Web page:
To learn more about Mary’s grandfather, click the image below.
It was only three years ago, shortly before my 27th birthday, that I lost my my paternal grandfather at the ripe, old age of 94. My maternal grandfather passed away a year later at age 88, peacefully and at home, surrounded by his entire family. My paternal grandmother and maternal grandmommy—95 and 90 years old, respectively—are still kicking.
I know how lucky I am. Aside from the gift of longevity genes (something I take comfort in regularly), I got to live more than a quarter of a century with all four of my grandparents. They were able to attend Grandfriends’ Day at my preschool, all of my high school musical productions, and even my wedding. At every stage of my young life, my grandparents showered me with love, support, and invaluable wisdom. As long as I live, I will never forget the lessons they taught me.
You have to leave home to find yourself. My first extended-stays away from home happened at my grandparents’ homes in small-town Texas. I spent two weeks every summer in Albany and several spring break weeks in Cleburne. Being with them, I learned so much. I learned that my grandmother did not make a full egg, bacon, and doughnut breakfast on weekdays like she did on Saturday mornings. I learned how to fish in my aunt and uncle’s pond. I learned how to operate a cash register while working in my grandmommy’s antiques store. I learned about musical theatre while rehearsing to be a prairie child in the Fandangle. Most important, I made friends with people, young and old, that I never would have met otherwise. These experiences whetted my appetite for independent adventure and led me to attend both summer camp and an out-of-state college—places where I really came into my own.
Sing out, Louise. My maternal granddaddy was a born performer, and the entire world was his stage. Given any opportunity, my granddaddy would stand up from his chair, announce his chosen tune, and start singing. You couldn’t help but smile and sing along. Because I was a musical theatre major in college, people assume that I am the same way. They are wrong! I always clam up when I’m asked to sing in public. Without a blinding spotlight and fictional character to hide behind, I’m no performer at all. But that is something I have made a concerted effort to change since my granddaddy’s passing. Because his light shined so bright, we’ve all been left in a sort of darkness. And if it makes my family smile (or even happy cry) for just a minute to hear me sing one of granddaddy’s favorite songs, it’s worth the discomfort.
True love is not just a fairy tale. My grandparents were married a combined 136 years!!! Beyond sheer commitment, my grandparents had romance. In a scene right out of The Notebook, my maternal granddaddy serenaded my grandmommy with the song “I’ll Be Seeing You” during their courtship. My paternal granddaddy similarly adored my grandmother, refusing to identify her in group photos from the 1940s with any specificity other than, “She’s the prettiest one.” I know—because I’ve seen it firsthand—that true love exists.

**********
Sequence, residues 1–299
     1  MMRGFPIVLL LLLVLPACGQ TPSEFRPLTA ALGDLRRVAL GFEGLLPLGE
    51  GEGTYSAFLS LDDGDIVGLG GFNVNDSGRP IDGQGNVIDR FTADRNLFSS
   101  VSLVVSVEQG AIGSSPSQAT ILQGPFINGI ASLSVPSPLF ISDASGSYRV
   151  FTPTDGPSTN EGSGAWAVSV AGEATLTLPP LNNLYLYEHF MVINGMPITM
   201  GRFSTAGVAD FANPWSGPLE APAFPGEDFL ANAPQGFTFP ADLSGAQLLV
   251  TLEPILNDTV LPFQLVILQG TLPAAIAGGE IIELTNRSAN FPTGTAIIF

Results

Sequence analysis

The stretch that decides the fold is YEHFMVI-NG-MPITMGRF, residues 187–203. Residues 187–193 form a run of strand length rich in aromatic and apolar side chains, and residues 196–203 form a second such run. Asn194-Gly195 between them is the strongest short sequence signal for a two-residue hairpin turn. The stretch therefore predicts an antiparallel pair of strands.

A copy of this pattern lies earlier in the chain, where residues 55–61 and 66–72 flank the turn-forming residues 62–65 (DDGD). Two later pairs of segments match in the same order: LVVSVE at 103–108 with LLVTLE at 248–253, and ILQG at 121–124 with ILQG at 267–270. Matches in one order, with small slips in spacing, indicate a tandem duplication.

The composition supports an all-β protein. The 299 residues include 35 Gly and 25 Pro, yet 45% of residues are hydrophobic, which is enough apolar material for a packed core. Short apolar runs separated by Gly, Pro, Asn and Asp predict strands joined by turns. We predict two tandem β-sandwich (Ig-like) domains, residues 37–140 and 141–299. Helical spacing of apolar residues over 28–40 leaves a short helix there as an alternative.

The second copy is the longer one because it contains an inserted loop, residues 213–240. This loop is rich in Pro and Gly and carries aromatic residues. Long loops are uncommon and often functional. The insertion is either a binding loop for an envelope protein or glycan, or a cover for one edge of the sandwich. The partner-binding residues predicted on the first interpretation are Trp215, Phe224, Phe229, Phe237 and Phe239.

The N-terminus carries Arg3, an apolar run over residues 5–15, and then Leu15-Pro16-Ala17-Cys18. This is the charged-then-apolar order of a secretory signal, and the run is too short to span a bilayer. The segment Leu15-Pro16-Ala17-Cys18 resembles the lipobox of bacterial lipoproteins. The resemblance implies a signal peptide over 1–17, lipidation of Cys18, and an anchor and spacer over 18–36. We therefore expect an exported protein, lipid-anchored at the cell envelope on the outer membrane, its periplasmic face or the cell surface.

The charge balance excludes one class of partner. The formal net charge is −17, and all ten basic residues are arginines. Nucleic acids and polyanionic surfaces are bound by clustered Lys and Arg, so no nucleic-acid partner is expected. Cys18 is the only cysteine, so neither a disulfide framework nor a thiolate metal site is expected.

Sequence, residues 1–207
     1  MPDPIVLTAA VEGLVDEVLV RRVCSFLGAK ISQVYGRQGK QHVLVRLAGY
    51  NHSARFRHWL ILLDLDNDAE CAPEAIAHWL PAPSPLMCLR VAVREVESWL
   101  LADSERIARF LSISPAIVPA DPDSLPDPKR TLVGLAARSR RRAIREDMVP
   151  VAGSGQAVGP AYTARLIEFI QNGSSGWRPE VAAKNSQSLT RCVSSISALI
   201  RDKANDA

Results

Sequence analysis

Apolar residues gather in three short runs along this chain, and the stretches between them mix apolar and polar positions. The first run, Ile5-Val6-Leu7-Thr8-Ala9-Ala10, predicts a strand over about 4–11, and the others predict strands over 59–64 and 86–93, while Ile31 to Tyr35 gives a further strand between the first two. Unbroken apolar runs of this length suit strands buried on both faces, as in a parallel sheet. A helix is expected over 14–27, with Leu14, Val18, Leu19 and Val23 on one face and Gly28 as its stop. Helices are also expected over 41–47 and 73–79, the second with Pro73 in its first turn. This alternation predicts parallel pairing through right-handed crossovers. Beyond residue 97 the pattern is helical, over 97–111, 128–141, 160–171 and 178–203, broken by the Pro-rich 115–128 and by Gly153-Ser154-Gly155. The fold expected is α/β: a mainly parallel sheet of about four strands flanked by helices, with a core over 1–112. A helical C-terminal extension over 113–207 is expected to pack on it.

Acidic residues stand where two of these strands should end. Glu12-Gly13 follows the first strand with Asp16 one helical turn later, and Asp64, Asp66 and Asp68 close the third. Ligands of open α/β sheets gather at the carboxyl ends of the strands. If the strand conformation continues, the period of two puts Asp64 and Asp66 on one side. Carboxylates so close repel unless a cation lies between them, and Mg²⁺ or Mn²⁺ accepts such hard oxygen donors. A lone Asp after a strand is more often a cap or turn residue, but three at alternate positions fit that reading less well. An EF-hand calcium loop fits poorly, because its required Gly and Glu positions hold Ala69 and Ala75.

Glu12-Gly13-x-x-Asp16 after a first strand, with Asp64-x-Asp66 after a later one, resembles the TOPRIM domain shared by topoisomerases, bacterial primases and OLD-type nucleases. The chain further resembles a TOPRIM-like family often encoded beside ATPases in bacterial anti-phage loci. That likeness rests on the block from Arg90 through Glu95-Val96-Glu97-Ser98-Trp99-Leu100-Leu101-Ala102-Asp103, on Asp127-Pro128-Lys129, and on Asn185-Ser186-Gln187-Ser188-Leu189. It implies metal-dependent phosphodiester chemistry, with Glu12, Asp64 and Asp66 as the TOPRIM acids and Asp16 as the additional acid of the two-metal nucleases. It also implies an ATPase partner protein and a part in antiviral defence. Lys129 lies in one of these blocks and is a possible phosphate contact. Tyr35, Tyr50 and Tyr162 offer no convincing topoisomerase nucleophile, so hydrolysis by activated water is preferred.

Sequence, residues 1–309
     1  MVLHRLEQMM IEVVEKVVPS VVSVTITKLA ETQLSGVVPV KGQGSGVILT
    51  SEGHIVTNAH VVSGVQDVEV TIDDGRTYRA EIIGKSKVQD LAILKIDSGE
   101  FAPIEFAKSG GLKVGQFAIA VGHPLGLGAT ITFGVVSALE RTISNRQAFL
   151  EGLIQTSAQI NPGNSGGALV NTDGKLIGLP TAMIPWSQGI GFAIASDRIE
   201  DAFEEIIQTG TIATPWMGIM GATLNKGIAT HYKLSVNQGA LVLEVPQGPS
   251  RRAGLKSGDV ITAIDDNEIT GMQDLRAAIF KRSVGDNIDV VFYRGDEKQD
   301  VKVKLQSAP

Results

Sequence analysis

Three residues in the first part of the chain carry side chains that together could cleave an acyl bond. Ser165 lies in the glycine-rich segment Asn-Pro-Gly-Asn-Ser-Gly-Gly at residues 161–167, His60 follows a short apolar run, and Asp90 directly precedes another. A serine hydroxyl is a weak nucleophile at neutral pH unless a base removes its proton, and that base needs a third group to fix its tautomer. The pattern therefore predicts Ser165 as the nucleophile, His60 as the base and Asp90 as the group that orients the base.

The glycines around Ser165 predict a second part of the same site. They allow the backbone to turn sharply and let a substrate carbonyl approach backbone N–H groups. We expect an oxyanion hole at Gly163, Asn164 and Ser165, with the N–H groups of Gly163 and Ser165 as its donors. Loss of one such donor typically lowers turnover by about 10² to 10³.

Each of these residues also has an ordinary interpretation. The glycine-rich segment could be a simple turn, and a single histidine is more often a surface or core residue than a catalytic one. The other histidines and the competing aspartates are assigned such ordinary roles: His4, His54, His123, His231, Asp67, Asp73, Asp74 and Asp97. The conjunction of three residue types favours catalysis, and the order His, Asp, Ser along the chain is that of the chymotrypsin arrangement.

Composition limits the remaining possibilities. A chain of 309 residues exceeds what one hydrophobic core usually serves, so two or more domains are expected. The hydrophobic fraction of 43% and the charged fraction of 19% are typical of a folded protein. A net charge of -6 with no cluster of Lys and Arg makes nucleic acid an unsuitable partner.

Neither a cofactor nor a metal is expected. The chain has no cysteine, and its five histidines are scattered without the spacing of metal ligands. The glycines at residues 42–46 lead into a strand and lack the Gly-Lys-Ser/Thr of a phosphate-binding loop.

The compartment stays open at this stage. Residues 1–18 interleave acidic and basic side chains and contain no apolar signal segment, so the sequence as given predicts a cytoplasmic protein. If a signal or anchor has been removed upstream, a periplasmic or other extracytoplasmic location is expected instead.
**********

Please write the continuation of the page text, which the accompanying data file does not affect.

Stand up for yourself. Long before feminism was in vogue, my paternal grandmother told my granddaddy that she wasn’t ready to settle down. Even though he already had announced to his mother that she was the girl he wanted to marry, he waited patiently. You go, grandmother! My maternal grandmommy is no shrinking violet either. Just this year, she placed a political ad in her local newspaper advocating for the end of their dry county. I’m so grateful to have these strong women as examples.
Accept the people you love for exactly who they are. Believe it or not, my grandparents and I have not always agreed on everything. For example, my paternal grandparents are quite religious, and my immediate family is not. Although they may have worried about us privately, they never once made me feel inadequate for leading a secular life. The only times religion ever came up were (1) on Christmas (appropriate) and (2) when they were worried about one of us and thought that religion might help (a purely generous gesture). My maternal grandfather and I also disagreed from time to time. For one thing, he loved Ann Coulter. But you know who else he loved? Me. So I ignored it. Life is too short to focus on differences between yourself and the people you love.
Everyone is somebody’s baby. Nothing in life (except maybe the book Love You Forever) conveys the circle of life quite so vividly as seeing your parents take care of and, eventually, let go of their parents. It makes you cherish your own parents and children even more. I know that I will care for my parents as lovingly and diligently as I have seen them care for theirs, and I hope that my children will do the same for me one day—learning from me what I learned from my parents. And on and on it will go.
What have you learned from your grandparents?